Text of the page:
AUB M.Arch. student Joel Wallace Erabu has won this year’s Nicholas Durbridge Award for Collaboration, after his design work for a travelling architectural show was praised by architecture and design magazine Dezeen.
The Ugandan postgraduate student, who has sought to see East Africa represented at the prestigious architecture and design exhibition in Venice, has won the university’s top architectural prize after the debut of his architecture project Of Shadow and Colour at this year’s Virtual Design Festival show.
Held throughout April and July by architecture and design magazine Dezeen, the world’s first online Virtual Design Festival showcased more than 570 university student designs from across the globe, including entries from Austria, Jamaica, Lithuania, Denmark and Singapore.
Wallace’s project looked at how a performance structure could traverse nations from Brownsea Island to Venice and Uganda, and was featured in the magazine’s top 10 most interesting projects. His speculative structure would then remain as the Ugandan Pavilion at the Venice Biennale; commemorating the first time that the East African nation would be taking part.
Wallace said: "The aim is to incorporate my own national identity and cultural references within the design proposal, in the form of weaving techniques, fabrics, materials and the medium of dance.
“In creating a mobile theatre, it’s my ambition to bring an increased representation of African culture to architecture. It’s been great to explore AUB’s link with the British Council, who I was able to work with to select schools in Uganda that could feature in my project.”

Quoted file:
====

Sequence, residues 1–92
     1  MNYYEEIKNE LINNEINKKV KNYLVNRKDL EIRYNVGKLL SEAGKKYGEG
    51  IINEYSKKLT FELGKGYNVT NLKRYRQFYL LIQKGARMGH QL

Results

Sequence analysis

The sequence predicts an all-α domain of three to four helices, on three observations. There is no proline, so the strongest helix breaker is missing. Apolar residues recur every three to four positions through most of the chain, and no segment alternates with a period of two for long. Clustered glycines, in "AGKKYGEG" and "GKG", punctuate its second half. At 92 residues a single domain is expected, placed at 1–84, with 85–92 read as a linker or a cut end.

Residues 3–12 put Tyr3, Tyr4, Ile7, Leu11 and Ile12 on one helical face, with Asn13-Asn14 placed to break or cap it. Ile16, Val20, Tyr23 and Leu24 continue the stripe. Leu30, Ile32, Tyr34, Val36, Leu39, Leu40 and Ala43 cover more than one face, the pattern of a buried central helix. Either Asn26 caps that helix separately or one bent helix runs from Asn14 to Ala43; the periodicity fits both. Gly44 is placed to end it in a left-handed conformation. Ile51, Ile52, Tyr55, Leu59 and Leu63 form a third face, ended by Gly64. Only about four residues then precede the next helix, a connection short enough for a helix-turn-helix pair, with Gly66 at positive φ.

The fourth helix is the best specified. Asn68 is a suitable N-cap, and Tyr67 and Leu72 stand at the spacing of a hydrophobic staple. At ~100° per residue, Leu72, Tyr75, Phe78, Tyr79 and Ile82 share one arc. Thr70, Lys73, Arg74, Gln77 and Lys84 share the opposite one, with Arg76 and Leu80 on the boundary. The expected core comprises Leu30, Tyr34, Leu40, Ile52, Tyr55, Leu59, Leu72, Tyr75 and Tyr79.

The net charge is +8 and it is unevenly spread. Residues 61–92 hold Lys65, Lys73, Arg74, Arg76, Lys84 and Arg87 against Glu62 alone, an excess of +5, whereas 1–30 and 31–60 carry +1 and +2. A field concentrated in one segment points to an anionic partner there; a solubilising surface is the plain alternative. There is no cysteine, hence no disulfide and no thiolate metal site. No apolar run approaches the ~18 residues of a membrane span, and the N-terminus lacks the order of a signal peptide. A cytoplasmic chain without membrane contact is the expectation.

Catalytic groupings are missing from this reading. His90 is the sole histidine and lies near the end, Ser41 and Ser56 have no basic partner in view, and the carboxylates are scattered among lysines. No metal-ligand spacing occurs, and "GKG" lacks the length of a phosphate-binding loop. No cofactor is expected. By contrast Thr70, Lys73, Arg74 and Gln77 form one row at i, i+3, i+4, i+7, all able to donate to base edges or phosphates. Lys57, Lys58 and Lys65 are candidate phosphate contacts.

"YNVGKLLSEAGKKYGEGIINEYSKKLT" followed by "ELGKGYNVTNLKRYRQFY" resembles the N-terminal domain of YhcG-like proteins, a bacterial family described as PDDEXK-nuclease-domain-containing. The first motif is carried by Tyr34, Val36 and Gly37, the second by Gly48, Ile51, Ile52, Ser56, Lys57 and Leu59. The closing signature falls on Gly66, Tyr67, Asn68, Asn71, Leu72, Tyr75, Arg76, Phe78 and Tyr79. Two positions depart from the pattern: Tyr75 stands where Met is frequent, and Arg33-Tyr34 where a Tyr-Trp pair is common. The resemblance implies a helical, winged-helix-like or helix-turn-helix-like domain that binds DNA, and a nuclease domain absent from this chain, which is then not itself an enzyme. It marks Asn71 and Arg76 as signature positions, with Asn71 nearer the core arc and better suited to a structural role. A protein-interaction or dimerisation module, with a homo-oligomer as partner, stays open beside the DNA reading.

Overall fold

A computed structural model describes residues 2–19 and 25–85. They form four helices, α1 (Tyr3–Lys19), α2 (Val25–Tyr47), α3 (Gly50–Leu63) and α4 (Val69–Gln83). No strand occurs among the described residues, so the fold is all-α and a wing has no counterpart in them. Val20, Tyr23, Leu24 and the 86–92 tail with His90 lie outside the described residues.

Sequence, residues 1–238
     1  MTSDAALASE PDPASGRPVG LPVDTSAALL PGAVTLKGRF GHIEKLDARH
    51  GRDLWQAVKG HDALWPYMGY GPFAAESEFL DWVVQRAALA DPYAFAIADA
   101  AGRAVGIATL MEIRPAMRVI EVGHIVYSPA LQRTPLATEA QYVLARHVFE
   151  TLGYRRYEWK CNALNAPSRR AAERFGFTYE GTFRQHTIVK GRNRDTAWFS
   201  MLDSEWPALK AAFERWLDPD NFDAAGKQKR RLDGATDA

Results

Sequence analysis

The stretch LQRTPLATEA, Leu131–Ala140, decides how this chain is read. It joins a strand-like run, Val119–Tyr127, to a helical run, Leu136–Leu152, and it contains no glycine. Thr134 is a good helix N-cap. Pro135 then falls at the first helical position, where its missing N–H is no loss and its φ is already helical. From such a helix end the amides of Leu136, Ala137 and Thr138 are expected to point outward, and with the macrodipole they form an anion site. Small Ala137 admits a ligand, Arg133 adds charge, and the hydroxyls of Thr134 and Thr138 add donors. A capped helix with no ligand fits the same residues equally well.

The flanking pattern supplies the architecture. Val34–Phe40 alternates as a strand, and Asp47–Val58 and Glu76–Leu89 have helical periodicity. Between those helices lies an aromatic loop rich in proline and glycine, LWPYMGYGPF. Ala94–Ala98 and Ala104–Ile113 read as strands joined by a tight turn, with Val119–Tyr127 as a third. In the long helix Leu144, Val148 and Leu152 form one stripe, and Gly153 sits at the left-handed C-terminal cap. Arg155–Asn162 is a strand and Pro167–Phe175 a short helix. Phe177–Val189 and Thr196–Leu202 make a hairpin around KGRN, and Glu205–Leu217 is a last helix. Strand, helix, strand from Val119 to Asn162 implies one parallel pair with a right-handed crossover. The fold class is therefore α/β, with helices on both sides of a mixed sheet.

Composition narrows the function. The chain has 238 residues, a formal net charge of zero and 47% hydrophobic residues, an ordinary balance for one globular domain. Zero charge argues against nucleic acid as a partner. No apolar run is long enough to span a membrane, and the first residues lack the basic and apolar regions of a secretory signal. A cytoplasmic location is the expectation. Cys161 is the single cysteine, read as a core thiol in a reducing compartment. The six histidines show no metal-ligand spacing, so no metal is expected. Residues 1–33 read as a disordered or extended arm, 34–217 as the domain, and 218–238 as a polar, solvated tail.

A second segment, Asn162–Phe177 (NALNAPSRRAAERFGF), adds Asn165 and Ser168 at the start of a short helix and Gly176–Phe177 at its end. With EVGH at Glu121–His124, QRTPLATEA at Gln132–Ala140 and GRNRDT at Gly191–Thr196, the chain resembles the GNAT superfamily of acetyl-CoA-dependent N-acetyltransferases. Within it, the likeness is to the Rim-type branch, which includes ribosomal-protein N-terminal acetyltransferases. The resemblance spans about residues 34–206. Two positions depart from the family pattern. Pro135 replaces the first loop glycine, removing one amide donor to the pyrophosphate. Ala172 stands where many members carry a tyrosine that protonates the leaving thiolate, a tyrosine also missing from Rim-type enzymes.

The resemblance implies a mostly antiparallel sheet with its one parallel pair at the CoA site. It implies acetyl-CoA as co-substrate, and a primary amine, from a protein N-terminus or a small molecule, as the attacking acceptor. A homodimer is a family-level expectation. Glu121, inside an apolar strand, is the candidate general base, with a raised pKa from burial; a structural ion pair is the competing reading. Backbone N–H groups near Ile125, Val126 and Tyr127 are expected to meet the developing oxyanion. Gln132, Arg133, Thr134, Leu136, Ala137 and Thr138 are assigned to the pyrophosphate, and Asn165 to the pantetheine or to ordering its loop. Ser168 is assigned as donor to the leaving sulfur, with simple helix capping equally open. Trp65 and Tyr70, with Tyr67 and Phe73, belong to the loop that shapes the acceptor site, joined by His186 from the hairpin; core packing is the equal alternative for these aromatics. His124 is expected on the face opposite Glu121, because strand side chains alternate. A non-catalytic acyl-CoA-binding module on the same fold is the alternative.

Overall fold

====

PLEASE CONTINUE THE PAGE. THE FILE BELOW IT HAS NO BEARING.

Conscious of the environmental impact of construction and design work, Wallace also tries to create digital and virtual artefacts wherever possible, as well as using recycled materials like reclaimed timber.
Nicholas Durbridge is the founder of The Copyrights Group, which has been responsible for the growth and development of the Paddington bear brand since 1972. He judged Wallace on how his work had had a “consistently inclusive and collaborative approach in demonstrating how positive design can be in contributing and enhancing the world.”
M.Arch. Course Leader Ed Frith, said: “Wallace has been part of a phenomenal cohort of M.Arch. students. Together they created Mutability, a workshop and installation in the British Pavilion at the 2018 Venice Biennale with AUB MA Fine Art students.
“Wallace’s following Thesis Design for a Ugandan Pavilion, continued his multiple AUB collaborations; it is a tour de force of mutability, colour and performativity. We all look forward to its realisation at a future Biennale!”
Wallace intends to continue working on collaborative projects, as well as building invaluable connections with people like award-winning Nigerian architect Ola-Dele Kuku.
He said: “I am carrying on the spirit of collaboration & building connections with people like Ola-Dele Kuku, who inspired my project, and reflecting on how my vision can become a reality at the Venice Biennale 2021/ 22.
He added: “I’ve also found a new passion in the social media business model of architecture, which has cropped up from this new COVID-19 era.”